Ava DuVernay is speaking out about the backlash surrounded her critically-acclaimed Netflix series, When They See Us, saying that it’s “important” that those responsible for botching the 1989 Central Park Five jogger case be held “accountable.”
Former prosecutor Linda Fairstein has been the main focus of the backlash from the series, which highlights the case’s botched investigation, framing five innocent Black boys for the rape of a white woman, Trisha Meili, jogging in New York City’s Central Park in April 1989. The backlash has forced Fairstein to shut down her social media accounts and resign from three non-profit boards. She was also recently dropped from her publisher and her Glamour magazine Woman of the Year award from 1993 was rescinded.
“I think that it’s important that people be held accountable,” DuVernay told Oprah Winfrey in a recent sit-down interview that will air this week on OWN and Netflix. “And that accountability is happening in a way today that it did not happen for the real men 30 years ago. But I think that it would be a tragedy if this story and the telling of it came down to one woman being punished for what she did because it’s not about her.”
“She is part of a system that’s not broken, it was built to be this way,” she director continued. “It was built to oppress, it was built to control, it was built to shape our culture in a specific way that kept some people here and some people here. It was built for profit. It was built for political gain and power. And it is incumbent on us; it lives off us, our taxpayer dollars, our votes, the goods that we buy that are made inside of prisons. It lives off of our ignorance and we can no longer be ignorant.”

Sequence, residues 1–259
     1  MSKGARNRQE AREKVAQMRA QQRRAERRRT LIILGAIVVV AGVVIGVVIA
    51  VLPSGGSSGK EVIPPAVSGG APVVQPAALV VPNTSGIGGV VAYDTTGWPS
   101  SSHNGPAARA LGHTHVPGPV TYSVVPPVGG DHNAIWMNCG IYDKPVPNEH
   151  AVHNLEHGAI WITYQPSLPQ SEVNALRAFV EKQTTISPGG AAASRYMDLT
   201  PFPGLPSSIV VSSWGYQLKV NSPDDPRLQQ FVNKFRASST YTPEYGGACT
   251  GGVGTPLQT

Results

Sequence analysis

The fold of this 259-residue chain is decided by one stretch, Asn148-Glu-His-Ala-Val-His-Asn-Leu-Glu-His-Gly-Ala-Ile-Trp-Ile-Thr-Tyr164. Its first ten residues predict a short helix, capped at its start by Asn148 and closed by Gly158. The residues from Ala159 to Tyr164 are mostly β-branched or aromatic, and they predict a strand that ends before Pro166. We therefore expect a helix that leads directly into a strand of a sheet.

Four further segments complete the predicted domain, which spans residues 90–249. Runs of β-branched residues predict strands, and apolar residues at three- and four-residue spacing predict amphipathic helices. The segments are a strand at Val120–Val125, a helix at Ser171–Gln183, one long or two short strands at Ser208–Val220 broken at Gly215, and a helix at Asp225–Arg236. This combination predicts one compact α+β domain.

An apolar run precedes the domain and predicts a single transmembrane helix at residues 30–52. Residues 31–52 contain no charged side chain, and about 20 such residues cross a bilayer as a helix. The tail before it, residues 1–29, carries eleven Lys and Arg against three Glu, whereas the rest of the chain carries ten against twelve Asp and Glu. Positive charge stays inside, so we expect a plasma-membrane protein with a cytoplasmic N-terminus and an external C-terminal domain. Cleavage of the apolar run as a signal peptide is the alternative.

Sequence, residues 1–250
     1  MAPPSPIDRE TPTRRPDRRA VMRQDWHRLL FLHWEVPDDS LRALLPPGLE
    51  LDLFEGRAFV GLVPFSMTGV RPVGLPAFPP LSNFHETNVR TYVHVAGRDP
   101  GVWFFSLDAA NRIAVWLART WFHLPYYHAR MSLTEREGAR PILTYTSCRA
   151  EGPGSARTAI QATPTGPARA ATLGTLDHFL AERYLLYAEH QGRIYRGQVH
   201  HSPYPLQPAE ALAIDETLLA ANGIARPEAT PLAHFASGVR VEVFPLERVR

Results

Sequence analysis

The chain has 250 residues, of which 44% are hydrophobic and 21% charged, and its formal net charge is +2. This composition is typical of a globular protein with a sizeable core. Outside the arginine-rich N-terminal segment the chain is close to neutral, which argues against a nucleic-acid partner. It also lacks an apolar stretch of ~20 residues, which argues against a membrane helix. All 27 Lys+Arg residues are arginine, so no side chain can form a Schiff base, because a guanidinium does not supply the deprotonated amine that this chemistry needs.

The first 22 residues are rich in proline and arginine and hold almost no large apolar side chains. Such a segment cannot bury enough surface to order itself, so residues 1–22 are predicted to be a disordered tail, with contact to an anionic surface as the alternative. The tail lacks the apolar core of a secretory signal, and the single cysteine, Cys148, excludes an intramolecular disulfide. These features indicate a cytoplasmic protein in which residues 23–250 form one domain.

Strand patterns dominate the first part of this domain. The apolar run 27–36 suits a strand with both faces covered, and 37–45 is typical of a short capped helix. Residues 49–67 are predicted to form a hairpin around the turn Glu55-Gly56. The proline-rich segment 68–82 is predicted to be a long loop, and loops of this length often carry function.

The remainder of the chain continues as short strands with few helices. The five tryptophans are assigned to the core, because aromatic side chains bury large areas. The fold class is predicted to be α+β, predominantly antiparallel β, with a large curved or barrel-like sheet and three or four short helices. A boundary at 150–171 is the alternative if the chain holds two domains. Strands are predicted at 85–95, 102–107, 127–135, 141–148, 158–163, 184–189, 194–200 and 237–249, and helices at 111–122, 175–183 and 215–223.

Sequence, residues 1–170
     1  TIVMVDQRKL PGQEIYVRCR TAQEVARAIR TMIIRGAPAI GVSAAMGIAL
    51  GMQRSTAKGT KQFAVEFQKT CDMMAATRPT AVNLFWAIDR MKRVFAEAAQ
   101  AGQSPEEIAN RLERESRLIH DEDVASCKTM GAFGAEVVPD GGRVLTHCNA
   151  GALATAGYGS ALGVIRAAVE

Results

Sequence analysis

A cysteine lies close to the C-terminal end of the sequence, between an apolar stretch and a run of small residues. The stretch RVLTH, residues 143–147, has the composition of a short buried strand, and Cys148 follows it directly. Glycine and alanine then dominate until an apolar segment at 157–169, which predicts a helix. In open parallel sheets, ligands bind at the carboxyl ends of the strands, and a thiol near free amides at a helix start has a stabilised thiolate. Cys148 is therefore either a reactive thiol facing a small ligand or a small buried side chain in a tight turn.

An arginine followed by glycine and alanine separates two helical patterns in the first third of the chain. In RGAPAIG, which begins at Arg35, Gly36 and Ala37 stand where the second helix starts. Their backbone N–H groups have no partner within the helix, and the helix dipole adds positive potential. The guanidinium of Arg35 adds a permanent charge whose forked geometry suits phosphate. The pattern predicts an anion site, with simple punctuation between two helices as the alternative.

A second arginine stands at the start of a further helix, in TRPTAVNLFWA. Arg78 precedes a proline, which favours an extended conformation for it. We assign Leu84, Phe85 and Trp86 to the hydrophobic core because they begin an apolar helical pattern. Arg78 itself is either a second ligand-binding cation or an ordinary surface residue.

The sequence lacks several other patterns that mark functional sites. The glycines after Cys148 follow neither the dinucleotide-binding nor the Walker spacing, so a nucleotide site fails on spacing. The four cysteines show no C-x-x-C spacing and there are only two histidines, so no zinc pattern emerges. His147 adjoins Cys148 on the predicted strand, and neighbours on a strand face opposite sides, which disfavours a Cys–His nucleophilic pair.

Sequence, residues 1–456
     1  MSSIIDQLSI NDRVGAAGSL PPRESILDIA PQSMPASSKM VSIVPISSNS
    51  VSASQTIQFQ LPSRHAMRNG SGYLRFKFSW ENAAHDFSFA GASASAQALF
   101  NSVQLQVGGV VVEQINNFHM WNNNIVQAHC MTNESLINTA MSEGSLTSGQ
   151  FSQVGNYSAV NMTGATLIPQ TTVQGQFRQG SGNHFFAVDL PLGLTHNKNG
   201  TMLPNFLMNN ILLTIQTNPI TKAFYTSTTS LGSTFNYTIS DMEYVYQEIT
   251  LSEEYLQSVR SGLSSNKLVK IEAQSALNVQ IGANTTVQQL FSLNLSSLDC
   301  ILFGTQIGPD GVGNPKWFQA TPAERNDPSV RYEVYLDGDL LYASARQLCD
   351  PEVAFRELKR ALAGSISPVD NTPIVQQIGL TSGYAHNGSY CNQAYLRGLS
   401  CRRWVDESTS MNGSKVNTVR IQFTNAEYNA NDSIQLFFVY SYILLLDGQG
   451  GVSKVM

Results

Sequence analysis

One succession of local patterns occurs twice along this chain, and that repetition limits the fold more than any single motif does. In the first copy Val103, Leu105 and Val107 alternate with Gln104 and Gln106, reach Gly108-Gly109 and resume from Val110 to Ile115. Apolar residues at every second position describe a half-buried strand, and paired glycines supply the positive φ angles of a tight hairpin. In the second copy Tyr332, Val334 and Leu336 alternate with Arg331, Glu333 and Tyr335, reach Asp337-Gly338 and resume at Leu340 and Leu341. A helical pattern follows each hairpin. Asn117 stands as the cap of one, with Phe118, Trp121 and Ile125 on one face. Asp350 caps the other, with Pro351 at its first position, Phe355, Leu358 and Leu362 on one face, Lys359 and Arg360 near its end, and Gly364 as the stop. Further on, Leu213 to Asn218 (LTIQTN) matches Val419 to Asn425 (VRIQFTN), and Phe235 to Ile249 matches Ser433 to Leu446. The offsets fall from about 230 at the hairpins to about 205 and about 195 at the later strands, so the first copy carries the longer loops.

DuVernay added that her real goal is to change the prison industrial complex.
“Our real goal is to be able to say, ‘Go America. Let’s do this. Let’s change this.’ You can’t change what you don’t know, so we came together to show you what you may not know,” she explained. “Now that you know, what will you do? How will you change this? That’s our goal.”
After losing their innocence and spending six to 13 years in prison each for the crimes, a serial rapist confessed to the crime, freeing the young men and exonerating them. Antron McCray, Yusef Salaam, Korey Wise, Raymond Santana, and Kevin Richardson eventually received a $41 million settlement from the city of New York in 2014.
For her part, Fairstein has called the series a “basket of lies.”
“She’s behind it. Her lies are behind it all,” she accused of Duvernay, who revealed last week that Fairstein tried to negotiate her involvement on the series during the scriptwriting process.
When They See Us producer Jane Rosenthal added that Fairstein declined to participate in the series because she was “concerned” that the production had already consulted with the five men, Variety reports.
“Her point of view was clearly that she didn’t want us talking to the five men if we were talking to her,” Rosenthal added Sunday at the Produced By conference in Burbank, California.